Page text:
On Thu, 5 Sep 1996, Eric Crump wrote:
> Besides, even if arrival at the academic institution's water trough was
> voluntary, we still insist on telling students what to drink, when to
> drink, how to drink, and when we think they ought to be sated.
> Thirst? Never crosses our mind that their thirst might be the most
> important condition to consider for reaching *our* goals as well as
What about institutional constraints? I hate to sound like a wuss here,
but what kind of service are we doing to our students if we let them drink
what and when they like, and neglect the fact that they drink the wrong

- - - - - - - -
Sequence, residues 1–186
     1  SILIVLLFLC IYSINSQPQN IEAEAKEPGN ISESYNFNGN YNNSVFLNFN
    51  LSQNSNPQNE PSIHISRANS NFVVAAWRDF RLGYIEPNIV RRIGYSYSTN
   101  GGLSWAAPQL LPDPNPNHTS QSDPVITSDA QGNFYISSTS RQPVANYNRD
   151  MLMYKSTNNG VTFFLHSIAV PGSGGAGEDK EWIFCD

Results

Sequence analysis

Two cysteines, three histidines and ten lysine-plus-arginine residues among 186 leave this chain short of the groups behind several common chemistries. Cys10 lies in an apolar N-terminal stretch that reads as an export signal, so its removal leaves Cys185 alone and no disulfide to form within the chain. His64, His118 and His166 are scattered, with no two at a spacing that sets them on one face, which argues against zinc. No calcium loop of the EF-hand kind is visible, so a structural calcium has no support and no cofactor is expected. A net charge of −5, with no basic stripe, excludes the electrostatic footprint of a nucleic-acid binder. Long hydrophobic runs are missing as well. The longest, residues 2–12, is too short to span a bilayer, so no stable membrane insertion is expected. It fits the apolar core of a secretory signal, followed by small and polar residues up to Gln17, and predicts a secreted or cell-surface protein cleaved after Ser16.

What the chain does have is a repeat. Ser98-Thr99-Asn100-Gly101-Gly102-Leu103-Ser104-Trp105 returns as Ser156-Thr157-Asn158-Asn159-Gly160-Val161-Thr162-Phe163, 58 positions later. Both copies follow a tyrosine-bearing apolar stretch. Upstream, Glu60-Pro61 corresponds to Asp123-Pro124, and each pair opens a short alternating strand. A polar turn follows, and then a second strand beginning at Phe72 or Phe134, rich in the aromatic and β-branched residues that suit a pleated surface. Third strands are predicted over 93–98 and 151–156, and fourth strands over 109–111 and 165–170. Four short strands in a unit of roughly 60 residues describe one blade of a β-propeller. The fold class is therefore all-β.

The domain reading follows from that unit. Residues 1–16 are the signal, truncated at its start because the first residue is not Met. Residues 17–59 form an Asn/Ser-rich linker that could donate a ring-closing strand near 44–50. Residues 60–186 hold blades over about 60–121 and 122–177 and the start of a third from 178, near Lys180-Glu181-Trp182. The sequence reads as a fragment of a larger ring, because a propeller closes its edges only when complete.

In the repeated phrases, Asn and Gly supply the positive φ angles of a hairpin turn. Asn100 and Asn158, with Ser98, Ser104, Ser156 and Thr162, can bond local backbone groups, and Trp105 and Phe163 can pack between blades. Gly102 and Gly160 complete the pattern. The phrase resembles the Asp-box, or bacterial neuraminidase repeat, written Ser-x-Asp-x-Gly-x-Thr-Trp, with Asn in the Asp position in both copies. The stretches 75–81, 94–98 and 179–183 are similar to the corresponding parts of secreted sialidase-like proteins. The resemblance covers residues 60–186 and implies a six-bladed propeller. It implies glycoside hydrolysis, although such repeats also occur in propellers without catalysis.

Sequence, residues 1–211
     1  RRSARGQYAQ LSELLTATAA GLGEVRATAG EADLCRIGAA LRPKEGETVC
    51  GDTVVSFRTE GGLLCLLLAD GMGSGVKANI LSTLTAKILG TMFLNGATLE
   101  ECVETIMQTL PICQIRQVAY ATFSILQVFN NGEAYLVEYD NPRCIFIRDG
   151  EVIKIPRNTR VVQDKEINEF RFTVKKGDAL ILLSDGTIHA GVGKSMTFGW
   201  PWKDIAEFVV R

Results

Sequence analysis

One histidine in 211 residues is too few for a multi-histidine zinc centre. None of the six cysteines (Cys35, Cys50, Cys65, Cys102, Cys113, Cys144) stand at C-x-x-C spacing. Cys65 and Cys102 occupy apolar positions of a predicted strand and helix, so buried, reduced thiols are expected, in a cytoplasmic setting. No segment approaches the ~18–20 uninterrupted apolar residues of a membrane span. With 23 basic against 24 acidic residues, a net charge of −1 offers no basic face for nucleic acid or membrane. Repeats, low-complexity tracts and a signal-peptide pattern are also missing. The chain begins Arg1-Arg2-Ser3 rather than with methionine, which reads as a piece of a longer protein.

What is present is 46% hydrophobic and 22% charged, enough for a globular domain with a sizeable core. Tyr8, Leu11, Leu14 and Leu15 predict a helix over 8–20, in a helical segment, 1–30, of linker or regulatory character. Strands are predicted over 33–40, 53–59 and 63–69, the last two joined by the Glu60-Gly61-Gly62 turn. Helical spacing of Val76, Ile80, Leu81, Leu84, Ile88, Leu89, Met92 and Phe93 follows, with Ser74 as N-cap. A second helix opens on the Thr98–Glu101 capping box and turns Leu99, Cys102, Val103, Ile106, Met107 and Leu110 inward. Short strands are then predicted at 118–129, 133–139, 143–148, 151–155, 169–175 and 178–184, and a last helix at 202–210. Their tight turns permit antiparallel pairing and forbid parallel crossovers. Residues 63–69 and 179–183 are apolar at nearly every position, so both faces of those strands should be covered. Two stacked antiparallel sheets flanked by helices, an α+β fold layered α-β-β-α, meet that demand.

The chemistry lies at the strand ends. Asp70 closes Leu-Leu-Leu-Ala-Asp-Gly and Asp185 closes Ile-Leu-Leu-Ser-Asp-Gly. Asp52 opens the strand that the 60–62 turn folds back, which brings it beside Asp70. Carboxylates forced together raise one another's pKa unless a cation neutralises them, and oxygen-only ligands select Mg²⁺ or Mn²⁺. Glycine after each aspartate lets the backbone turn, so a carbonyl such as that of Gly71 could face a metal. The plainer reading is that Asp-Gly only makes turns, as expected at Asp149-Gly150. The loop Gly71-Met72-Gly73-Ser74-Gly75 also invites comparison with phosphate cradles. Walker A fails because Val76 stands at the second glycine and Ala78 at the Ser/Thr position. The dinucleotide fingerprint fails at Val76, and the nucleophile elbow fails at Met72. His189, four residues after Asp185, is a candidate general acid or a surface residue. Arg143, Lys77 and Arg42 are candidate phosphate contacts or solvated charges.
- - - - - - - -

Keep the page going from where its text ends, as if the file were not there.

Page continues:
stuff, or not enough of the right stuff? Also, one problem that I've run
into many times is the students' confusing what they WANT to drink with
what we (as "more experienced") know (or think we know) would be better
for them to drink to get through college. When I let my students have
more choice as to what and when to write, I got several who took it as
license to sit around and do nothing. They didn't drink because drinking
would have been too much effort, or would have meant that they couldn't
study for that chemistry exam, or whatever.
Don't get me wrong. I like to de-emphasize grades myself, but when I do
so, students aren't encouraged to explore the various ways of inquiring
about topics. They are encouraged that they don't have to explore
anything at all.